(Reuters) - Offshore driller Ocean Rig UDW Inc ORIG.O is preparing to explore a sale amid pressure from some of its largest shareholders to review its strategic alternatives, according to three people familiar with the matter.
The move will be a key test of Ocean Rig’s value after it emerged from Chapter 15 bankruptcy in September. Its business has suffered as low oil prices have made offshore drilling less economically attractive and pushed more oil exploration onshore.
Ocean Rig has interviewed investment banks in recent weeks to appoint a financial adviser that will help it explore a sale, the sources said this week.
There is no certainty that the company will end up agreeing to any deal, said the sources, who asked not to be identified because the matter is confidential.
Ocean Rig did not respond to a request for comment.
Shares jumped as much as 7 percent on the news, and were up 4.3 percent at $25.90 in morning trading in New York on Wednesday, giving the company a market capitalisation of $2.4 billion (£1.8 billion).
Based in Grand Cayman, Ocean Rig specializes in ultra-deepwater and harsh environment projects undertaken by oil exploration companies in the offshore drilling industry.
Within a month of exiting bankruptcy, Ocean Rig’s largest shareholder, hedge fund Elliott Management Corp, called for the company to review strategic options, adding it planned to recruit the company’s second largest shareholder, BlueMountain Capital, in its efforts.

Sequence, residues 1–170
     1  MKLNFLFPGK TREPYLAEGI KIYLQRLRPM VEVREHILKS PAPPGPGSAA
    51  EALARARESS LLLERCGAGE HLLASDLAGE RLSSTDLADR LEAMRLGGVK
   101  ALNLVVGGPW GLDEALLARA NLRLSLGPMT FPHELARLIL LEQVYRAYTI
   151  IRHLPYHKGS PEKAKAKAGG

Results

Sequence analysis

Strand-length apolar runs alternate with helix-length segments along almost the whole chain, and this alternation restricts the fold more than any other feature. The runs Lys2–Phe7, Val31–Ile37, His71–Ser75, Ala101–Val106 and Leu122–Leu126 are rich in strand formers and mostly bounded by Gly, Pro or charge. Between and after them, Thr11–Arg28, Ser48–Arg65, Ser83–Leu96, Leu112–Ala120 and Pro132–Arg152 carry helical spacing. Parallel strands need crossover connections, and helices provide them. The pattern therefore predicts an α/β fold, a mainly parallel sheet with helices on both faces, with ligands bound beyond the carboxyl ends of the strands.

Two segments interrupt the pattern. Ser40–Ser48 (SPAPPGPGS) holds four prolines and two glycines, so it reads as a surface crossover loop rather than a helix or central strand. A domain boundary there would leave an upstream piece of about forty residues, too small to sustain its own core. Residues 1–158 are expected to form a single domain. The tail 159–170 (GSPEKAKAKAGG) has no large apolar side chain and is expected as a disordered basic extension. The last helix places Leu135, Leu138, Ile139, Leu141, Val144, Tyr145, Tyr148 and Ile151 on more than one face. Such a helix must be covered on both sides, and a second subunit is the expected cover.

It was joined a day later by Avenue Capital Group, the company’s fifth-largest shareholder, in demanding that it evaluates a possible sale. These three funds collectively own 39 percent of Ocean Rig’s stock.
The tough times in the offshore drilling industry have spurred consolidation. Ensco Plc (ESV.N) acquired Atwood Oceanics Inc in October for $839 million, while Transocean said in August it would buy Songa Offshore for $1.1 billion.
The chief executive of Norway’s Borr Drilling (BDRILL.OL), which is backed by the world’s biggest oil services company, Schlumberger NV (SLB.N), told Reuters in August he aimed to expand the company’s fleet.
At the same time, other offshore drillers have failed to avoid bankruptcy. Seadrill Ltd (SDRL.OL), for example, entered Chapter 11 protection in September.
Reporting by David French in New York; Editing by Bernadette Baum